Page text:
By Colleen Chen, NEWS 9
OKLAHOMA CITY -- In Oklahoma City, housing options are growing, particularly in downtown.
With growth comes change, which is what city engineers are considering for the area's railroad crossings.
More than 50 trains blow through downtown Oklahoma City each day, passing by new condos and brownstones.
Brenda Craiger is responsible for marketing a section of the new developments located close to the tracks.
"To hear the train whistle at all times of the day and night is not appealing," Craiger said.
She said sales are still good, but the trains are not a selling point to her potential clients.
Dennis Clowers, an Oklahoma City engineer, said he has heard all about the train noise downtown.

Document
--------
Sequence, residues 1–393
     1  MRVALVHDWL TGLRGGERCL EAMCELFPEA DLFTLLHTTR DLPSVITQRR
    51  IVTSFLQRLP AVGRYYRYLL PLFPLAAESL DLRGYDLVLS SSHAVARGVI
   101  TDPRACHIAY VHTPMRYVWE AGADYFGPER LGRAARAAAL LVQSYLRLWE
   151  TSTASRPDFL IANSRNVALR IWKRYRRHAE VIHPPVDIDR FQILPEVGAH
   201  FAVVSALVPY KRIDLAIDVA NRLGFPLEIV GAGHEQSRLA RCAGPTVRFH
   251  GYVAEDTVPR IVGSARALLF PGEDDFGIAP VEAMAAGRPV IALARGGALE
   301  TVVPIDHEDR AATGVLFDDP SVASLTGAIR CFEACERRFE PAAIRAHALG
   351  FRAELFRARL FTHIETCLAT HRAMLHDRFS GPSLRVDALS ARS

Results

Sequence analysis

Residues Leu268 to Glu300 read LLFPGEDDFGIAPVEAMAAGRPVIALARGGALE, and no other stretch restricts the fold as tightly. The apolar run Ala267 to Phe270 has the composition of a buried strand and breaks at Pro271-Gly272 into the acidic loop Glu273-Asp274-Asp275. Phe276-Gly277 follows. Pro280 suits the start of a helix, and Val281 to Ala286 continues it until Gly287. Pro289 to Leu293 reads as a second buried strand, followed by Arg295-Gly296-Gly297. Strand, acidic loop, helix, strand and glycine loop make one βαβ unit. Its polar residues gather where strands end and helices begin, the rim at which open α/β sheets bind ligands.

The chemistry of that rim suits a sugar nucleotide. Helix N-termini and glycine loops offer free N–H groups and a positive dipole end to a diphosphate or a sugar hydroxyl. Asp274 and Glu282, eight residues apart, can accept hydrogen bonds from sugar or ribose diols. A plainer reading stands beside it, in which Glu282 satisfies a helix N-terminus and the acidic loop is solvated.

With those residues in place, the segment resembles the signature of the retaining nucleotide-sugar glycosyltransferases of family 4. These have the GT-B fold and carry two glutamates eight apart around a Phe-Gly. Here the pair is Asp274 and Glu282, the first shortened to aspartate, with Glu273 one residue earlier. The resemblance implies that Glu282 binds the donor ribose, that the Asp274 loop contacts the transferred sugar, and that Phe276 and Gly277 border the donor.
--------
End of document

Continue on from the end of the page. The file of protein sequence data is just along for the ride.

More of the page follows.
"We hear from the developers a lot," Clowers said.
Residents living at the Central Avenue Villas agree.
"We have a one-and-a-half-year-old son and it does bother him a bit," resident Matt Porter said.
There are 10 crossings downtown, and 10 times each train blows its horn.
An engineering study showed it would cost approximately $5.2 million to make the area a quiet area.
The study recommended closing four of the 10 crossings, and renovating the others to establish the quiet zone.
The overhaul would be the only safe way train companies can agree to not blow the horn.
"Putting in medians so vehicles can't cross over and go around the gate arms and put in double gate arms," Clowers said.
Clowers cautioned the study and potential plan is only the beginning, and there are still many steps before the zone would be established.
The funding for the project still needs to be identified and the proposal and approval process could take two years.